Millennials Are Not Cord-Cutting, They're Just Tuning In On Laptops

It's always easy to say that the youth are rejecting television of old in favour of snacking on YouTube clips. Instead of turning on the big screen in the living room that displays programmes largely according to when the broadcaster pumps them out, the youth are clearly opting for a different approach of favouring the laptop. However, it's refreshing to see GfK remind the public that this means a lot less than it might appear to.

Its figures show that while the average adult watches nearly two-thirds (65%) of their video entertainment on a conventional set, 18- to-24-year-olds watch just over a third (35%). Thus, the laptop accounts for 40% of video consumption among 18- to-24-year-olds, roughly double the proportion of the average adult.

It's here that you might expect a digital marketing guru to extol the virtues of video-sharing sites, social TV and online video in general. However, it appears that these young Millennials are actually spending three-quarters of their time watching television shows and movies. In fact, this is higher than the average for the entire adult population of two-thirds of video consumption, whether on laptop or tv, being devoted to traditional television and movies. 

It's refreshing to get some research which shows that despite what digital gurus might say, the youth are not a separate "tribe" who have cut the cord and now watch tv on smart devices away from the living room. The point GfK is keen to make is that television ownership is lower for this age group, so the laptop is the most convenient choice. When you think about it, most people in this age group are either living at home, in student accommodation or renting their first flat with friends, and so are unlike to have full control of a television set in a living room. 

So it's not necessarily what they're watching but rather the device that separates the youth, and it's here that marketers should start to get excited. If you bear in mind that two thirds of youth video consumption will be on a laptop, tablet or smartphone, that has to bring with it better targeting opportunities, doesn't it? Not only is the person more likely to be watching on their own but they're undoubtedly signed in to a service which reveals their identity. It puts them in a digital marketer's dream spot of a viewer being primed for second screening and the implications for PPC or display kicking in as your television advert airs has to be huge, doesn't it?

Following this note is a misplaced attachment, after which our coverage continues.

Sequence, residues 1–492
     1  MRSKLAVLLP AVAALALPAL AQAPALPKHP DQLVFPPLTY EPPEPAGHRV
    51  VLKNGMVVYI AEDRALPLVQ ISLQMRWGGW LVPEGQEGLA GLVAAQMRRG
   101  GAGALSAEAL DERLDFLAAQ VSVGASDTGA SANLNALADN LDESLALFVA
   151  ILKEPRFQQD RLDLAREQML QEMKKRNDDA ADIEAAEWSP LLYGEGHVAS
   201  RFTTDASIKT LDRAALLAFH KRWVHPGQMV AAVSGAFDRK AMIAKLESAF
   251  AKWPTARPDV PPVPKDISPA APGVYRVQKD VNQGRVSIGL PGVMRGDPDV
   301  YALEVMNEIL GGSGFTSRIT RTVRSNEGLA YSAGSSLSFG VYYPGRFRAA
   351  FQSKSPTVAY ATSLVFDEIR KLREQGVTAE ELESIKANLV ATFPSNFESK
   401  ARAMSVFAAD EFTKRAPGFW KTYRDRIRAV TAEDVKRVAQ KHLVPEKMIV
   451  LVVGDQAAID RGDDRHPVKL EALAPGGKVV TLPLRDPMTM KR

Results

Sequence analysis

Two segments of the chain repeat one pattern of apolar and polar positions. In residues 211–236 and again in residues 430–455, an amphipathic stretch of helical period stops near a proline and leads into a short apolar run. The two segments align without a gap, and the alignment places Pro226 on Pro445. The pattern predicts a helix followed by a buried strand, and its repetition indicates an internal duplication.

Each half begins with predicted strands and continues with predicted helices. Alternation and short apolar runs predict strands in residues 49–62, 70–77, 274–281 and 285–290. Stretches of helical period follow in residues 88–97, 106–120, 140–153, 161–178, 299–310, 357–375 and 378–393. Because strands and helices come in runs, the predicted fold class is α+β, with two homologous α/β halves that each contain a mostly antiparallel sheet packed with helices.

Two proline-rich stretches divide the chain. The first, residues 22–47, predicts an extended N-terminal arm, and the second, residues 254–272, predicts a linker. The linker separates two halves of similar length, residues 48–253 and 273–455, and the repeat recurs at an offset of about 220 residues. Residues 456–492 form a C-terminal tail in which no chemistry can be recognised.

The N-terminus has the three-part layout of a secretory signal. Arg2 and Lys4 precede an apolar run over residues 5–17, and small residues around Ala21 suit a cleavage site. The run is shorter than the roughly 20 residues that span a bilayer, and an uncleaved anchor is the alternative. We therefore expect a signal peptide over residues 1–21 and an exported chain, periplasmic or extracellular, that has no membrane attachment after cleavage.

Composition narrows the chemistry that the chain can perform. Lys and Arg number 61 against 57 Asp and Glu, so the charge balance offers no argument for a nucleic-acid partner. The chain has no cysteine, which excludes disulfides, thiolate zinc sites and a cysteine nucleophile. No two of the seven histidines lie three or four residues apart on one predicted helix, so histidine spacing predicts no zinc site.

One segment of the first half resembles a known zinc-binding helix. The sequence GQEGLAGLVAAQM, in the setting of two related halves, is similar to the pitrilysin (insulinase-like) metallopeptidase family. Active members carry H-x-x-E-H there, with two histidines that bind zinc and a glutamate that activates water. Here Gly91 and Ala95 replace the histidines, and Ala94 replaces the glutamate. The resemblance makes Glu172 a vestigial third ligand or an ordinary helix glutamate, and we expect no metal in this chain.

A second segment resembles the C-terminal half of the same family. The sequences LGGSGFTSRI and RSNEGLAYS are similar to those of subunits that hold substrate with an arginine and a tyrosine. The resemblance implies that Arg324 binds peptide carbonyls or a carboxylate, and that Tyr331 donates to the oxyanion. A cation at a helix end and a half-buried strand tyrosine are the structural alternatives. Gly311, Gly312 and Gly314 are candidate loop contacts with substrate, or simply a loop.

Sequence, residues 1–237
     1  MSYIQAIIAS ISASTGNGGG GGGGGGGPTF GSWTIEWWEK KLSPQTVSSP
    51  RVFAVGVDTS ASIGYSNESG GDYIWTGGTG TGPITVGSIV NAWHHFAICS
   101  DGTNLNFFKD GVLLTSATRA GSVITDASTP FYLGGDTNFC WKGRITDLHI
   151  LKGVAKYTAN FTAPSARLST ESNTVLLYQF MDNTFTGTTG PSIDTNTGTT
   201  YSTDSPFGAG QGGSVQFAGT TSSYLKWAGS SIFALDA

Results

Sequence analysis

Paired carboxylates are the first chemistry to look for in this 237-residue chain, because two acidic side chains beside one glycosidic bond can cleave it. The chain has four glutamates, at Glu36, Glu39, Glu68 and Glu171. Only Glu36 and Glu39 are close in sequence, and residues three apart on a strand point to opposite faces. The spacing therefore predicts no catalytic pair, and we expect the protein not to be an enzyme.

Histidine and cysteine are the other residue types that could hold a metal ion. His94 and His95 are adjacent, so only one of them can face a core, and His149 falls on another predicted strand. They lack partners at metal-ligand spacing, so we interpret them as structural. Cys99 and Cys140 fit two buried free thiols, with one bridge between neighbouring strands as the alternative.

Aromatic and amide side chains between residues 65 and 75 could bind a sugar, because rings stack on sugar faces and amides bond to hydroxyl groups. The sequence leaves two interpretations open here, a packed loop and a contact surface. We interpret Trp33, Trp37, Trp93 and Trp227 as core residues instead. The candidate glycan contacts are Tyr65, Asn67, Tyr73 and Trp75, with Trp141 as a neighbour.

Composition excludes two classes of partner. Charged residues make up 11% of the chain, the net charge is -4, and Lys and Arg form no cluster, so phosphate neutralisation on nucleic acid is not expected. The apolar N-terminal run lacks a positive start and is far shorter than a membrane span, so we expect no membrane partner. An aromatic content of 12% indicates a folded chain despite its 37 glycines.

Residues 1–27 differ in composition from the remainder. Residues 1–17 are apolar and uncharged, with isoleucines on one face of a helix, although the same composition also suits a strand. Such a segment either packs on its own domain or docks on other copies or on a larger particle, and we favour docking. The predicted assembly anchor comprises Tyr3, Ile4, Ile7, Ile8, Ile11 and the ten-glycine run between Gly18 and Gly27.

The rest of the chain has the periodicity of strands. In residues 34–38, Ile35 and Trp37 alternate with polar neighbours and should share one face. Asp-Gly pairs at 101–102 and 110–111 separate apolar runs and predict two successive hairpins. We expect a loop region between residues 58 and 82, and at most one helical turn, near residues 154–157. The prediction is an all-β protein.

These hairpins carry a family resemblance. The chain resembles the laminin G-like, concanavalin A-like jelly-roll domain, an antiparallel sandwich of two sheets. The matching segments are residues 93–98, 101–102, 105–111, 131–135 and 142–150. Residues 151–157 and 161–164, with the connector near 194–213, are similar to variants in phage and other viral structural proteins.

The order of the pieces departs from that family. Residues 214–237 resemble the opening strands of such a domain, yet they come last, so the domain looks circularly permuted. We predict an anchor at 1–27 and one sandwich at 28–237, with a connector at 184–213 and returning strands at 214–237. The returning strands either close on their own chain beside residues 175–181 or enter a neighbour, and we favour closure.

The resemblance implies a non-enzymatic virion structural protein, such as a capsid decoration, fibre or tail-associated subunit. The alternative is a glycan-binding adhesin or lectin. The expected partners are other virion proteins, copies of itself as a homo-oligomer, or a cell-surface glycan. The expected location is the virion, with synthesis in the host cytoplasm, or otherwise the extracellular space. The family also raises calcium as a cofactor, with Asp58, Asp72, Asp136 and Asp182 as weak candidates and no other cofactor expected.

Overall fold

The young aren't doing anything incredibly different -- just watching more video than the average adult and doing so on their laptop and other mobile devices. As they do this, though, marketers should start to get very excited about the targeted opportunities this provides to reach a demographic notorious for ad blocking.

1 comment about "Millennials Are Not Cord-Cutting, They're Just Tuning In On Laptops".
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  1. Ed Papazian from Media Dynamics Inc, July 28, 2016 at 9:35 a.m.

    Percentages such as those you cite, Sean, can be a little misleading. If you take all forms of "linear TV" content, and compare the total consumption of said content by age, you will find that the average adult aged 18-34---is by far TV's least frequent viewer. So, if your typical 18-43-year-old sees , say 25 hours of TV content per week and 40% of this is on laptops, using your GFK findings---that amounts to 10 hours per week of laptop exposure. On the other hand, if your typical 65-year-old devotes 55 hours per week to "linear TV" content and only 18% of this is via laptop, that, too, would equal 10 hours per week of viewing. What Nielsen is actually reporting is that while digital TV/video consumption is clearly---and not surprisingly---slanted towards younger adults rather than their older counterparts, in terms of volume of exposure, plain ordinary TV sets still account for over 80% of all viewing time while three digital "platforms"---smartphones, tablets as well as PCs, together--- draw only 15-16% and that's for millennials only.

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